My favourite part of making exhibitions is getting to move artworks around and see how they look in relation to each other in the gallery. Larger institutions have everything locked down months ahead of opening, but I am lucky to have always worked for smaller places where you are the one lifting off the Tyvek as the painting comes off the roller. It’s a great privilege to get to see the back of paintings, to feel their heft and texture, while manoeuvering to get them on the wall. Although it seems banal to say so, art works can be very powerful. This one, and its sister painting, the Urewera Mural (1975), do seem to have created ripples.
Even though it is 28 years ago, I can remember the exact spot in the Level 5 gallery at the Waikato Museum that we hung Colin McCahon’s Urewera triptych for the exhibition Te Mihaia Hou: Maungapōhatu and the prophet Rua Kēnana in 1991. McCahon himself had died only four years previously, and the work itself was just sixteen years old, but already he seemed like the Old Master of New Zealand painting. His smoky breath still clung to
this work, giving it the aura of a great masterpiece.
We made it the hero of the back wall, the artwork that pulled you into the exhibition with its command of the space, visible from the bottom of the stairs before you even entered the gallery. It had some competition for visual dominance with a one-third scale model of Rua’s council house Hiona in the centre of the room.
Although it is not as notorious as the Urewera mural (for which it was ‘A Painted Drawing’), I find the Urewera triptych the easier work to conjure in my memory. For me, McCahon is acting as a translator, conveying his understanding of how Māori had been wronged in the Urewera to a Pākēha art world, in preparation for making his final painting. Presumptuous, perhaps even wrong-headed, but well-intentioned, and full of feeling.
Recently the work has travelled to Hong Kong, where it may have been ‘read’ from right to left. When I looked at the image on the McCahon website, I realized the two panels had been transposed in collaging together the image. The duplicity of the digital world!
We have McCahon’s own words to tell us which way round the panels go. Writing in 1974 to his friend Ron O’Reilly, (who was about to become the third Director of the Govett-Brewster Art Gallery), McCahon described what he was trying to do with
the work, which had been commissioned by the Urewera National Park Board:
I’m painting on black so I can do the romantic thing in white & bring “the one without a name” into the picture … I think it’s Tane-Atua … But it’s to the God of Trees: he needs some help as the pine trees come in: I feel they belong to a very different religion. So even if I have to start again I now know what it is about … Tane in the middle, the Tuhoe People on the left & Rua & Te Kooti on the right—and the Tuhoe who continue.1
As has been well-documented elsewhere, McCahon got into trouble for choosing Elsdon Best’s informant Tūtangahau as the ancestor in the pepeha, but no one disputes the significance of Maungapōhatu to Tūhoe.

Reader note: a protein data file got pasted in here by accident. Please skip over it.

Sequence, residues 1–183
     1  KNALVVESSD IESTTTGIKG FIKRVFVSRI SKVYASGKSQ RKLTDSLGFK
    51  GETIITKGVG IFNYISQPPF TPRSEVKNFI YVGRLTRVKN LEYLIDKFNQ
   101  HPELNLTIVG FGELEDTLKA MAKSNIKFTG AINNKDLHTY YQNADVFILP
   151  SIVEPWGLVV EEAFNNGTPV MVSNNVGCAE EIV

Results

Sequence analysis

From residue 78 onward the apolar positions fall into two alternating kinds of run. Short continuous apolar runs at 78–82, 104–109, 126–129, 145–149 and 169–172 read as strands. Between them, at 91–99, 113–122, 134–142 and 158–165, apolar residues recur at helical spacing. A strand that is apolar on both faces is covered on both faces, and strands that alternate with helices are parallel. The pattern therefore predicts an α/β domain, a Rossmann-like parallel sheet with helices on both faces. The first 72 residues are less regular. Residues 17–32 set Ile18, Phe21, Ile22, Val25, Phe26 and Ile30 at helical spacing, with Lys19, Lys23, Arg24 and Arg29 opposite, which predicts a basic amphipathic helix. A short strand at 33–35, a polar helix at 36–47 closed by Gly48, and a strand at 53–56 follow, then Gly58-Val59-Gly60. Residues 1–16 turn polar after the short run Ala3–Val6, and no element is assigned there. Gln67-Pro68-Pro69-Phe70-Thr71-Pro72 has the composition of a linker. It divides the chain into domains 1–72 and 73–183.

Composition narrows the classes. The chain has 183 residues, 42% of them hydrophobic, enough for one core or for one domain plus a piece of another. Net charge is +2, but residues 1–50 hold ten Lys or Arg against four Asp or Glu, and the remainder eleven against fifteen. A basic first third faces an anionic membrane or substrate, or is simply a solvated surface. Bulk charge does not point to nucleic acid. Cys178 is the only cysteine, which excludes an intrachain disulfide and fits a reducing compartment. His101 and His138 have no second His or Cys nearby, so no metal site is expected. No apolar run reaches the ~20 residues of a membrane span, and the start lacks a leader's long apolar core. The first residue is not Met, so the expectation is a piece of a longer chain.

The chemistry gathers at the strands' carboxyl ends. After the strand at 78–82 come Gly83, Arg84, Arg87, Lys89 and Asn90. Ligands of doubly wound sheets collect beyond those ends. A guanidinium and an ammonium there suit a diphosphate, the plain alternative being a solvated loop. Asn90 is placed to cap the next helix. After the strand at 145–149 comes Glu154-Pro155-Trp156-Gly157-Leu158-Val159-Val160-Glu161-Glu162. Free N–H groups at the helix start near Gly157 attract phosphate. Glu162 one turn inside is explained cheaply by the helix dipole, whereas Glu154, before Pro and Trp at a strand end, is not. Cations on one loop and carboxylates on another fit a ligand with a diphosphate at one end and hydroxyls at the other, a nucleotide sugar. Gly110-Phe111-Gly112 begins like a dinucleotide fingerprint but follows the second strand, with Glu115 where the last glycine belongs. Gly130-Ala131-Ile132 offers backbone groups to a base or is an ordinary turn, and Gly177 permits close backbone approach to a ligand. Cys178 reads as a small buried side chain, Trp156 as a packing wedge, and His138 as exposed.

My Tūhoe colleagues at the University of Waikato, Hirini Melbourne (1949–2003) and Wharehuia Milroy (1937–2019), facilitated a trip in May 1990 into the Urewera to moot the idea of an exhibition about Rua. Just two years earlier, Wharehuia had brought the WAI 36 Tūhoe lands claim to the Waitangi Tribunal on behalf of Ngāi Tūhoe. This was eventually settled as part of the Tūhoe Claims Settlement Act 2014. In May 1990, Wharehuia took me in to visit Pei Atawa, the Tūhoe Trust Board Chair at Ruatāhuna, to talk about how the exhibition could help instigate a movement to get Rua Kēnana a statutory pardon.
We made a second trip to stay at Maungapōhatu on 10 November 1990, taking the museum photographer David Cook with us. Hirini Melbourne who was researching taonga puoro at the time, brought many musical instruments along with him, which he played inside the wharenui late into the night, illuminated by a kerosene lamp and a candle. I remember the eerie sound of the pūrerehua as it spun on the end of its cord. David Cook left his camera outside the meeting house for a 4 ½ hour exposure (10.30 p.m to 3.00 a.m.) using a wide-angle lens, capturing the earth’s movement as circular tracks left by the stars and planets. We used this image on the poster for the exhibition because its blue and yellow colours linked to the colours used by Rua’s community, and the circular paths of the stars traced the shape of Hiona as well as suggesting that Rua was attempting to establish an independent axis around which his own community could revolve. It was a cold night, but in the morning it was warm and sunny, and we walked out the ‘six foot track’ from Maungapōhatu towards Tawhana.
Shortly before Christmas in 2019, more than 200 people, including Māori King Tūheitia, assembled to witness the Rua Kēnana Pardon Bill being signed into law at Maungapōhatu marae by Governor-General Dame Patsy Reddy. Rua Kēnana is only the sixth person in New Zealand to receive a statutory pardon, and it was the first time in history that an apology has been signed into law on the original site of the wrongdoing. Not only was this an acknowledgement that he had been unlawfully arrested and imprisoned, causing lasting pain and disadvantage, but it was also a declaration to restore his mana and that of his descendants. 103 years after his arrest, 44 years after McCahon painted the Urewera triptych, and 28 years after the Te Mihaia Hou exhibition, justice had finally been served.
 Colin McCahon to Ron O'Reilly, December 1974, qouted in Simpson.
Purchase a print publication of McCahon 100 here.